In addition, the Jacksonville Zoological Gardens boast the second largest animal collection in the state, only behind Disney's Animal Kingdom. The zoo features elephants, lions, jaguars (with a new exhibit, Range of the Jaguar, hosted by the owners of the Jacksonville Jaguar owners, Delores and Wayne Weaver), a multitude of reptile houses, free flight aviaries, and many other animals.

Other points of interest in the city include:


The Florida Times-Union, Jacksonville's newspaper
The Florida Times-Union, Jacksonville's newspaper

The Florida Times-Union is the major daily newspaper in Jacksonville. Another daily newspaper is The Daily Record. Popular magazines include Folio Weekly, Jacksonville Free Press, Jacksonville Business Journal, The Jacksonville Advocate, and the The Florida Star. There is also a monthly publication called the Jacksonville Magazine.

Jacksonville is served by television stations affiliated with major American networks including WTLV (NBC), WJXX (ABC), WTEV (CBS), WAWS (FOX, and WJWB (WB). PBS has two members stations in Jacksonville, WUFT and WJCT. WJXT is a former longtime CBS affiliate that turned independent in 2002.

The two most popular radio stations in regards to contemporary hits are WAPE 95.1 and WFKS 97.9. WJBT 92.7 is a hip-hop/R&B station, WPLA 93.3 is a modern rock and alternative music station, WQIK 99.1 is a country station, WHJX 105.7 is a soul station, WFJO 92.5 plays music in Spanish like salsa, merengue, and reggaeton, and WJCT 89.9 is a local public radio station. See Radio Stations in Jacksonville, Florida for more radio stations in Jacksonville.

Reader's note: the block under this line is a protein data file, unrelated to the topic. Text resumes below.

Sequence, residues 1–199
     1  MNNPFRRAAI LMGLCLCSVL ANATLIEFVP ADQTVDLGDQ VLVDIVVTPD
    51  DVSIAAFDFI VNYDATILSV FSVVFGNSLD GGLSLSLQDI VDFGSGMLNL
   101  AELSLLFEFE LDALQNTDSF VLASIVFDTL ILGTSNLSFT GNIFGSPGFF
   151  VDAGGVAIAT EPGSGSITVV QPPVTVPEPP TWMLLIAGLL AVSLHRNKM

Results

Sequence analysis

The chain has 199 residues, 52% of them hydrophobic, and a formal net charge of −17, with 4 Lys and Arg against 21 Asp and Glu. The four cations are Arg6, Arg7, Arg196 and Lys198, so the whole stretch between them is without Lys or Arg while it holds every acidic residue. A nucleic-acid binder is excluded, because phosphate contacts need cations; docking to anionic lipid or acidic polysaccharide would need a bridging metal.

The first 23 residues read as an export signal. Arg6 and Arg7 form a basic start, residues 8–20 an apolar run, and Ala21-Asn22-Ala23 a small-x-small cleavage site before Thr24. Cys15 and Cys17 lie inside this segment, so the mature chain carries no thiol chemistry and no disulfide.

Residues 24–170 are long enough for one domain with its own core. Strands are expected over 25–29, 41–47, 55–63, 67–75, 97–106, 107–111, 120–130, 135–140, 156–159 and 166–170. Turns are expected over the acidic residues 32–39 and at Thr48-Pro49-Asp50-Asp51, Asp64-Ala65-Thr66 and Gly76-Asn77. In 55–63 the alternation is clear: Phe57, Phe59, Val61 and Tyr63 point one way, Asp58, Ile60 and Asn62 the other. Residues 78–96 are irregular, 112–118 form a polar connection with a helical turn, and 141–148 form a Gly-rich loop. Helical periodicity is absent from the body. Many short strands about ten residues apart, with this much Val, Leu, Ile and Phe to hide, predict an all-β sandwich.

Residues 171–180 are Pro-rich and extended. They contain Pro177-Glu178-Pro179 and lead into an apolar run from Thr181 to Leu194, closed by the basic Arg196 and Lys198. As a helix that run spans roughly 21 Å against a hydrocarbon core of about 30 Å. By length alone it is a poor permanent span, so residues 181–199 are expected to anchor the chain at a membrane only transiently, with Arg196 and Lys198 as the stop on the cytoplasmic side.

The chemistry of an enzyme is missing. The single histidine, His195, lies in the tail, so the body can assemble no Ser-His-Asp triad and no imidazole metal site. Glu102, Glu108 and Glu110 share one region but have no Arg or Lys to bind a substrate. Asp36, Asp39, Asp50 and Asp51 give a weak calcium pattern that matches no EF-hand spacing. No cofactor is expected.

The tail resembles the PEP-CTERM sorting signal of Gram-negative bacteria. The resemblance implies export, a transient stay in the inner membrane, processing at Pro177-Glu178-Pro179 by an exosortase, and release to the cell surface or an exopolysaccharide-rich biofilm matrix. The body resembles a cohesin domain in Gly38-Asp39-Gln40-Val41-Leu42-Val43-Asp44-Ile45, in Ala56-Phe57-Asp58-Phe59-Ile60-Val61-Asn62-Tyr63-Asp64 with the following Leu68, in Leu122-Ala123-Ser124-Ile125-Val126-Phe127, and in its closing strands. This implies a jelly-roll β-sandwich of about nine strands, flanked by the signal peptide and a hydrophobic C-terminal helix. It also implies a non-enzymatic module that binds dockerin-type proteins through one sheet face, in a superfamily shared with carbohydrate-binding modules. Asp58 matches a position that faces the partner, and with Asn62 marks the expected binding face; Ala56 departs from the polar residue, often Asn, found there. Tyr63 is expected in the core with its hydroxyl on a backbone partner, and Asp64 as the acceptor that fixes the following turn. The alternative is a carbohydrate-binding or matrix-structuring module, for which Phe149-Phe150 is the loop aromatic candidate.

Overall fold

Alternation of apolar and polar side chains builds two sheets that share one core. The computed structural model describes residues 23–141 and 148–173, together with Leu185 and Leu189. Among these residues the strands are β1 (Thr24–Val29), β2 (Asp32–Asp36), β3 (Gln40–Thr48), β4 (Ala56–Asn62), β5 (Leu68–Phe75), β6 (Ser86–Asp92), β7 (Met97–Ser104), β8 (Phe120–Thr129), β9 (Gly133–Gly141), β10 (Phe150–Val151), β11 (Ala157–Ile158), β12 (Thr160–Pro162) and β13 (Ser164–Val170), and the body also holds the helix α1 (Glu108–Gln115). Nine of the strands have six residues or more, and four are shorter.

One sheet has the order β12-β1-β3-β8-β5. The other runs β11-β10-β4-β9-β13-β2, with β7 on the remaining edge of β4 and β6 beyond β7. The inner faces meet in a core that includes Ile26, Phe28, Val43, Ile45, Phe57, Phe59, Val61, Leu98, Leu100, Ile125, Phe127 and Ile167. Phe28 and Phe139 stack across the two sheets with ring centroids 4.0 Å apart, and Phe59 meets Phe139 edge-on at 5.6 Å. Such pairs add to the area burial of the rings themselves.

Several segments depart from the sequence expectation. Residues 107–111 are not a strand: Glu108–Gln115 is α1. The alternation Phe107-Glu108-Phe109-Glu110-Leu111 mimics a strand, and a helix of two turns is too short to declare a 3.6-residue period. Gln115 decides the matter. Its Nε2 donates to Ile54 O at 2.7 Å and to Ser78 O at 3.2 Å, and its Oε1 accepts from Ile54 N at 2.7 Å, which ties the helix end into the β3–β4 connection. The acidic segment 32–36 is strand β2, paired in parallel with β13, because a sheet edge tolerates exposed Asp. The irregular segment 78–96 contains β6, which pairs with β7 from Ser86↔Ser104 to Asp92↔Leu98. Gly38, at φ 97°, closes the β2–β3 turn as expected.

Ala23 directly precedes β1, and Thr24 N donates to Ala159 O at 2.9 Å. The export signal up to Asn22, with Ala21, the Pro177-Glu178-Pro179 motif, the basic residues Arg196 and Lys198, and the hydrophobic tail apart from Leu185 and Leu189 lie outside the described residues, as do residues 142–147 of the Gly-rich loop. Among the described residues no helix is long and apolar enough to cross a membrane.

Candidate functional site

Logo of the Jacksonville Jaguars
Logo of the Jacksonville Jaguars

Jacksonville is home to a number of professional sports teams, the most famous of which is the Jacksonville Jaguars of the National Football League. The Jacksonville Suns is a minor league baseball affiliate of the Los Angeles Dodgers. The ice hockey team is the Jacksonville Barracudas.

Jacksonville was named as the site for Super Bowl XXXIX, becoming the third city in the state of Florida (Miami and Tampa being the others) to host the event. The game was held on February 6, 2005 and featured halftime entertainment by former Beatle Sir Paul McCartney. Due to the milder climate and lesser amount of hotel space , many media critics decried Jacksonville as a substandard host for a Super Bowl, although local leaders felt the criticism was unwarranted. The game itself was played under ideal football weather (about 55°F), and the New England Patriots defeated the Philadelphia Eagles 24-21.

The Jacksonville area also boasts many excellent golf courses. In Ponte Vedra lies the Tournament Players Club at Sawgrass, one of the most famous golf courses in the world and home to the annual PGA TPC (The Player's Championship) tournament. Nearby St. Augustine is home to the World Golf Village and World Golf Hall of Fame.

Jacksonville was the chosen location to host Super Bowl XXXIX
Jacksonville was the chosen location to host Super Bowl XXXIX

Professional tennis is in town each year when the WTA holds the Bausch & Lomb Championships at Amelia Island Plantation near Fernandina Beach, just north of Jacksonville. Other sports events include the annual Kingfish Tournament held in July, the Florida-Georgia football game, commonly known as "The World's Largest Outdoor Cocktail Party" held every October, the ACC Championship, and the Gator Bowl held in early January. University of North Florida, Jacksonville University and Edward Waters College also field athletic teams in a number of sports.